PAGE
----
Less than nine weeks before a crucial mid-term congressional election, United States President Donald Trump's feud with critical mainstream media has deepened.
Thursday saw over 20 top Trump officials scramble to deny authorship of an op-ed in the New York Times - by an anonymous "senior administration official" - stating in essence that officials have been working quietly to circumvent and rein in an uninformed and capricious president.
Trump hit back via Twitter and at a campaign rally at the 12,000-seat Rimrock Auto Arena in Billings, Montana, on Thursday evening, suggesting the author of the op-ed may have committed treason.
"We've reached an all-time low," he told the crowd. "Unelected Deep State operatives who defy the voters to push their own secret agendas are truly a threat to democracy itself."
"For the sake of our national security, the New York Times should publish his name," he insisted.
Because of the inherent ambiguity of anonymity - the term "senior administration official" could apply to hundreds, not all close to the president - and the New York Times' antagonistic relationship with the President, the op-ed has poured fuel on the narratives of both sides of the political divide, either confirming a Deep State conspiracy to destroy the president, or confirming that he is unfit for office.
In the end, the verdict will boil down to what voters believe.
The op-ed appeared to corroborate at least part of the picture emerging from a 448-page book Fear: Trump In The White House, due for release next Tuesday.
Written by veteran investigative journalist and Washington Post associate editor Bob Woodward, extracts released thus far paint a picture of a White House with a mercurial president at the centre of internal tension and chaos.
The book and the op-ed have triggered more than chatter about the possibility of a decision by the Cabinet under the 25th Amendment to remove the president from office on grounds that he is unfit.
Massachusetts Senator Elisabeth Warren tweeted: "If senior officials believe the president is unfit, they should stop hiding behind anonymous op-eds and leaking info to Bob Woodward, and do what the Constitution demands they do: invoke the 25th Amendment and remove this president from office."
But President Trump and Vice-President Mike Pence lambasted the author of the op-ed, and the New York Times.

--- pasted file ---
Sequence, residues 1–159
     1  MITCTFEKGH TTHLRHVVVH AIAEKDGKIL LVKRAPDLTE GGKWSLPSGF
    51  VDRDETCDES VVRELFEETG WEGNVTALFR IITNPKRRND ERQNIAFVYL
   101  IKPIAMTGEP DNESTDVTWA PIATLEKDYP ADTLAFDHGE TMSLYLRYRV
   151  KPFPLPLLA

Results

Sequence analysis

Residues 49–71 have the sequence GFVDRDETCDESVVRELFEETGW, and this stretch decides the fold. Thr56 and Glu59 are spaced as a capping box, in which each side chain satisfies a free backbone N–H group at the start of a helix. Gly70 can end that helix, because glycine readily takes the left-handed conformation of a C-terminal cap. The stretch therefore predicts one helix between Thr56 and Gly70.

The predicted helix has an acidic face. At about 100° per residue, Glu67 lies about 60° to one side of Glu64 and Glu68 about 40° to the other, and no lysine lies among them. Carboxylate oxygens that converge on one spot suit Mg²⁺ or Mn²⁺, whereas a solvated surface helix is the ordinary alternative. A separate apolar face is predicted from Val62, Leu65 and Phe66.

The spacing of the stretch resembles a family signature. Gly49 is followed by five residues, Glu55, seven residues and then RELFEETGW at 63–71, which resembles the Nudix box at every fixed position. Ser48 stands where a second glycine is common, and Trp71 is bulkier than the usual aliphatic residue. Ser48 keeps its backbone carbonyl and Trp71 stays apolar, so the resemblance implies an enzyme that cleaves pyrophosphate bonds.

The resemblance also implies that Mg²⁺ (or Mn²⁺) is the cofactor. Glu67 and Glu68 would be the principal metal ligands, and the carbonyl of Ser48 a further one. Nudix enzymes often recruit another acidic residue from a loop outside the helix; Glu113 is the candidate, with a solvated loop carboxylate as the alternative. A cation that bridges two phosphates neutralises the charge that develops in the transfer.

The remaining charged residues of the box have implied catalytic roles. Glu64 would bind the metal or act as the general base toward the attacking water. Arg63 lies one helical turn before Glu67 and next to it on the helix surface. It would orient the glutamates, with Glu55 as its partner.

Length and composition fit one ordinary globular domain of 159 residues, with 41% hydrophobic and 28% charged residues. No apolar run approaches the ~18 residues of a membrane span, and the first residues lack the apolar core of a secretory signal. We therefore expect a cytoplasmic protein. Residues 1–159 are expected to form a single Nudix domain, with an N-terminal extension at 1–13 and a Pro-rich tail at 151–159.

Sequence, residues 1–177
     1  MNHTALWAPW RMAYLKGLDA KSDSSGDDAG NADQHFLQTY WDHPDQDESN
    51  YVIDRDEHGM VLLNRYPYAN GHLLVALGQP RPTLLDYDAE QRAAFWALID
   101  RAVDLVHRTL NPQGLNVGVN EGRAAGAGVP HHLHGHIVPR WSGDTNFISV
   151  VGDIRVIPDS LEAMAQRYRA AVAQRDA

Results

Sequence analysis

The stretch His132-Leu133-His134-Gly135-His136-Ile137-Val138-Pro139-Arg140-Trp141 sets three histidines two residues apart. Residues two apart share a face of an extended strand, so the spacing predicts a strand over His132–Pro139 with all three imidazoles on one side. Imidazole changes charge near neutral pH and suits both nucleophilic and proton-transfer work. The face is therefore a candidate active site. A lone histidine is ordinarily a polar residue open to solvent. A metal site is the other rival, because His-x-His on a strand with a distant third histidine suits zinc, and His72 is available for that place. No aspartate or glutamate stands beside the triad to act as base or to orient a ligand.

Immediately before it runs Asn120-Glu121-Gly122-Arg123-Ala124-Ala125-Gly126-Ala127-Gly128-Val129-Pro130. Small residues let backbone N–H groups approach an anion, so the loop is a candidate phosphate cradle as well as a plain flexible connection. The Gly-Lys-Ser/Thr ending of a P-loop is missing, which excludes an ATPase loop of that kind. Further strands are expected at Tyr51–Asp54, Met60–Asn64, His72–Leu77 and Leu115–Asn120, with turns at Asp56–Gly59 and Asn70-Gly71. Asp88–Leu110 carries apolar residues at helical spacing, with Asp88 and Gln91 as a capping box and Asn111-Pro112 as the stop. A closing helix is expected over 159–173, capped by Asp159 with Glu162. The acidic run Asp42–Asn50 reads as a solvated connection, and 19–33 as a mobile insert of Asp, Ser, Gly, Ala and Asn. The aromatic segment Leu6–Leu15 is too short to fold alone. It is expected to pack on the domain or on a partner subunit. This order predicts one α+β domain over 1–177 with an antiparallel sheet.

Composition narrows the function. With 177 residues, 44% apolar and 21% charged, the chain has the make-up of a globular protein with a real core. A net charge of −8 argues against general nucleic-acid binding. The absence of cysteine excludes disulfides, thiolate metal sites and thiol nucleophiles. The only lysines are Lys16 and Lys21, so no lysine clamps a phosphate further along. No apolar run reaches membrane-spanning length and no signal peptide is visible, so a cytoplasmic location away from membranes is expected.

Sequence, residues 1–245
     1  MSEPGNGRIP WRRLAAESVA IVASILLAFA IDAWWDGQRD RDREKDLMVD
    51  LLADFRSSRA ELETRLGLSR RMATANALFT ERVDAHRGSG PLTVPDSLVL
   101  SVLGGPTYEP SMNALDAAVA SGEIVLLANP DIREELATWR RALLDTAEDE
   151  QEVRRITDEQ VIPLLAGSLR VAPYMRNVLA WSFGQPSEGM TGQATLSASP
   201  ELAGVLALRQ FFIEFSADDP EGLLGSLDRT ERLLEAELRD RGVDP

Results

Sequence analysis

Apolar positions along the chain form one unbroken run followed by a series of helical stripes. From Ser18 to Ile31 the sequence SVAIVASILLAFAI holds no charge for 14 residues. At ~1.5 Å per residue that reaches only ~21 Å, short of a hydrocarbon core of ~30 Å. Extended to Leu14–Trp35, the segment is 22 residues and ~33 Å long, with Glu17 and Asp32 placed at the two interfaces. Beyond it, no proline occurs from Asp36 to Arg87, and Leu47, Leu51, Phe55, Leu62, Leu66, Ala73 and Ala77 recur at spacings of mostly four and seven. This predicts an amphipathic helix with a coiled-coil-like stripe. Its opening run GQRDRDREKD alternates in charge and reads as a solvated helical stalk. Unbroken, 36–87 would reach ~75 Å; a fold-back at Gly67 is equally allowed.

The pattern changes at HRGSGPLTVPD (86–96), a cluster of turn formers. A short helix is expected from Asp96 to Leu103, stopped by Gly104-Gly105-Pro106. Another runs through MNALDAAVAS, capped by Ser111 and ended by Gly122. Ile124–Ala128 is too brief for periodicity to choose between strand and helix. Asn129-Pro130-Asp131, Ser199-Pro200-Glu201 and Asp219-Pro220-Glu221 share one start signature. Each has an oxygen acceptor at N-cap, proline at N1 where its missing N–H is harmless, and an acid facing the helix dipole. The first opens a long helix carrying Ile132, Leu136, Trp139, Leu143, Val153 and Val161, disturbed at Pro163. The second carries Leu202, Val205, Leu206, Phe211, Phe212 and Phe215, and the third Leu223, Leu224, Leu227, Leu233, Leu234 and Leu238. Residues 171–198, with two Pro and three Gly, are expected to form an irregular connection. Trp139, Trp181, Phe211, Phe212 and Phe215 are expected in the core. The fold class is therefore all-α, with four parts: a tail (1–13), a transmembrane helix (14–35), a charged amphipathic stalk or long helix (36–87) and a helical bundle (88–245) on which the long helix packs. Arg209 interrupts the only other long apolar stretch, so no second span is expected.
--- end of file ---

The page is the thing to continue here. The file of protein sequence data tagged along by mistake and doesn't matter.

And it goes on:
"The Deep State and the Left, and their vehicle, the Fake News Media, are going Crazy," Trump tweeted on Thursday.
Yesterday, he blasted Woodward's damning portrayal of the inner workings of his administration as a "scam" based on made-up quotes.
Pence told reporters: "Anyone who would write an anonymous editorial smearing this president who has provided extraordinary leadership to this country should not be working for this administration. They ought to do the honourable thing and... resign."
The New York Times' decision to publish the op-ed will likely be debated for years.
But is the damning op-ed the harbinger of a coup or constitutional crisis?
Unlikely, experts say.
"This is a continuing political and leadership crisis," James Thurber, a government professor and presidential studies expert at American University, told AFP. "It is not yet a constitutional crisis."
Political scientist Larry Sabato of the University of Virginia's Center for Politics agreed. "We don't even know who the author of the op-ed is, and that is essential to properly evaluate it."
The essay is unlikely to precipitate Trump's impeachment, but no one sees it as a good sign. While the essay and Woodward's book caused a White House meltdown -- with Trump asking if the unsigned op-ed could be "treason" and demanding the author's unmasking -- the president's closest aides circled the wagons.
More than a dozen top administration officials denied being the essay's author.
"This will have little impact on Trump, but will continue to undermine trust in his presidency here in the US and in the world," said Thurber, who believes the 25th Amendment will not be used on Trump.
But the Republican Party risks losing momentum ahead of the Nov 6 mid-terms, in which the Democrat Party will try and seize back a majority in the House of Representatives - something which historically, and on current polling, it has a good chance of doing.
"We have a seemingly endless stream of stories about a White House that is at war with itself and a White House staff who are at war with the president," Dr Glenn Altschuler, professor of American Studies at Cornell University said.
"Every week that goes by that the Trump administration and the Republicans are unable to sustain or develop momentum for their candidates is a lost week for the Republicans and a significant gain for the Democrats."